Let's see .

So you can see this dough is real , really smooth .

It hasn't gained much volume , hasn't really proved .

But the feel of it , the structure is coming along very nicely .

So we're ready for the next phase , which is the bulk rise , add a little bit of oil just to help it not sticking to the sides and then we'll just toss that right into the container .

So that brings me into the second biggest issue .

I see all the time with sourdough bakers , especially beginners when you're using a sourdough starter for the first time .

And you're getting used to it .

It takes time for this next process to really kick in which is the bulk Ries process .

A lot of people are used to things like instant yeast or rapid yeast .

So the bulk rice process is when they tell you to let the dough double in size and when you're using an instant yeast , that process happens really quickly .

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So you can watch it and pretty much see it happening before your eyes .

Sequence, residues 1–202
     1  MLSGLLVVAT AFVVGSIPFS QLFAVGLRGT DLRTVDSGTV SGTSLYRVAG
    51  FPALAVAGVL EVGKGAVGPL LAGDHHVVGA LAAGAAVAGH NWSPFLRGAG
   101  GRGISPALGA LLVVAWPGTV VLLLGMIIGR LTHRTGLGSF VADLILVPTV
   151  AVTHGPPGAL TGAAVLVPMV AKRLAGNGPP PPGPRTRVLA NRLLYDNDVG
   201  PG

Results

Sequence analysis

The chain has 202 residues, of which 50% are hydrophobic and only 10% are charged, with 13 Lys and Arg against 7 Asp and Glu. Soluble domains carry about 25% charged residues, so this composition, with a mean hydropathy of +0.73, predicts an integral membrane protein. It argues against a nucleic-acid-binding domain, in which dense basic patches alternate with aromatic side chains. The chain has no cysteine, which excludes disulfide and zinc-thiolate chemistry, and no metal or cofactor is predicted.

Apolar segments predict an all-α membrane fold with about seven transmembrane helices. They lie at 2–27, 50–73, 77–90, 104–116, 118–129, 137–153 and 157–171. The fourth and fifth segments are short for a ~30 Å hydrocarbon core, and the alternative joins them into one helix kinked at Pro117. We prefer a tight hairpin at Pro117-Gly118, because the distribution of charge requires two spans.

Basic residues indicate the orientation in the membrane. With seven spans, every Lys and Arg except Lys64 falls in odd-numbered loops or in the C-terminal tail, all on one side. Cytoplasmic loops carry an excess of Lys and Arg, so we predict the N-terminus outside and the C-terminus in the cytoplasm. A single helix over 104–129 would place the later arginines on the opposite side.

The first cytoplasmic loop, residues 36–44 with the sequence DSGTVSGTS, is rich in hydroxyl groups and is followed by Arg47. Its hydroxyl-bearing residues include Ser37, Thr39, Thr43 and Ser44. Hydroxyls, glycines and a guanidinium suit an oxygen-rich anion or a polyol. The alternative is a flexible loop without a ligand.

So it's really easy to nail down .

It's why people love instant yeast .

It speeds up that process .

But while speeding up that process , of course , you're losing flavor , which is the beauty of slowing down that process .

But what I see is when people start getting into sourdough for the first time , they're just not used to that slow fermentation process and they end up under fermenting their dough , under proofing their dough .

So having a container like this has completely revolutionized my sourdough baking .

Even for someone like me who's been baking forever , it's really nice to see exactly what's happening .

So when it goes from one liter , you can see the peak of it is just above that one liter mark .

When it's up around that two liter mark , the peak we know this thing has doubled in size and we can cut off this bulk rice .

So I don't know how long that's gonna take .

Again .

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We've got variables , temperature of your dough temperature of your environment , activity in your starter .

So many things , that's why it's great to have a container like this , to deal with those variables .

So you can see , I didn't quite make it to the two liter mark , but that's totally fine .